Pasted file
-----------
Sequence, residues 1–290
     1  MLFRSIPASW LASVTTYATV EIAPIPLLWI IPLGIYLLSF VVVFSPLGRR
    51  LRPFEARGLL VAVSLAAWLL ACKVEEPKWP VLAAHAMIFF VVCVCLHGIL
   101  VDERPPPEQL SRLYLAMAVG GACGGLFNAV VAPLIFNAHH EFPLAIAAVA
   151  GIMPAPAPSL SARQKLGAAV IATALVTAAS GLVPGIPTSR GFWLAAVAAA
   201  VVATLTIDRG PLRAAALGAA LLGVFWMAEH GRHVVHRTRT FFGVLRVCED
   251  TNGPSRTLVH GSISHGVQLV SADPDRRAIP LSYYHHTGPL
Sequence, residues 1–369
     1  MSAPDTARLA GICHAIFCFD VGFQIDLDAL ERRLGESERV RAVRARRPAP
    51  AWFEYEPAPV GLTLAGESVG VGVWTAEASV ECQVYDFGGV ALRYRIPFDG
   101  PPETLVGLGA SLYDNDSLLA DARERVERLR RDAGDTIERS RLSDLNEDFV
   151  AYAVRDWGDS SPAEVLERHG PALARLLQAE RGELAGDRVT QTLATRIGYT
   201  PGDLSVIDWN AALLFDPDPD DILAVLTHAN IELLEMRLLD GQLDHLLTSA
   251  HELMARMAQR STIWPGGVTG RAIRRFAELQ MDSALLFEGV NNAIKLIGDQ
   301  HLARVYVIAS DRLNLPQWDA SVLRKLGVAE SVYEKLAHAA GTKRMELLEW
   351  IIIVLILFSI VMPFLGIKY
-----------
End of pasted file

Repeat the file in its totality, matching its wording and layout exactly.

Sequence, residues 1–290
     1  MLFRSIPASW LASVTTYATV EIAPIPLLWI IPLGIYLLSF VVVFSPLGRR
    51  LRPFEARGLL VAVSLAAWLL ACKVEEPKWP VLAAHAMIFF VVCVCLHGIL
   101  VDERPPPEQL SRLYLAMAVG GACGGLFNAV VAPLIFNAHH EFPLAIAAVA
   151  GIMPAPAPSL SARQKLGAAV IATALVTAAS GLVPGIPTSR GFWLAAVAAA
   201  VVATLTIDRG PLRAAALGAA LLGVFWMAEH GRHVVHRTRT FFGVLRVCED
   251  TNGPSRTLVH GSISHGVQLV SADPDRRAIP LSYYHHTGPL
Sequence, residues 1–369
     1  MSAPDTARLA GICHAIFCFD VGFQIDLDAL ERRLGESERV RAVRARRPAP
    51  AWFEYEPAPV GLTLAGESVG VGVWTAEASV ECQVYDFGGV ALRYRIPFDG
   101  PPETLVGLGA SLYDNDSLLA DARERVERLR RDAGDTIERS RLSDLNEDFV
   151  AYAVRDWGDS SPAEVLERHG PALARLLQAE RGELAGDRVT QTLATRIGYT
   201  PGDLSVIDWN AALLFDPDPD DILAVLTHAN IELLEMRLLD GQLDHLLTSA
   251  HELMARMAQR STIWPGGVTG RAIRRFAELQ MDSALLFEGV NNAIKLIGDQ
   301  HLARVYVIAS DRLNLPQWDA SVLRKLGVAE SVYEKLAHAA GTKRMELLEW
   351  IIIVLILFSI VMPFLGIKY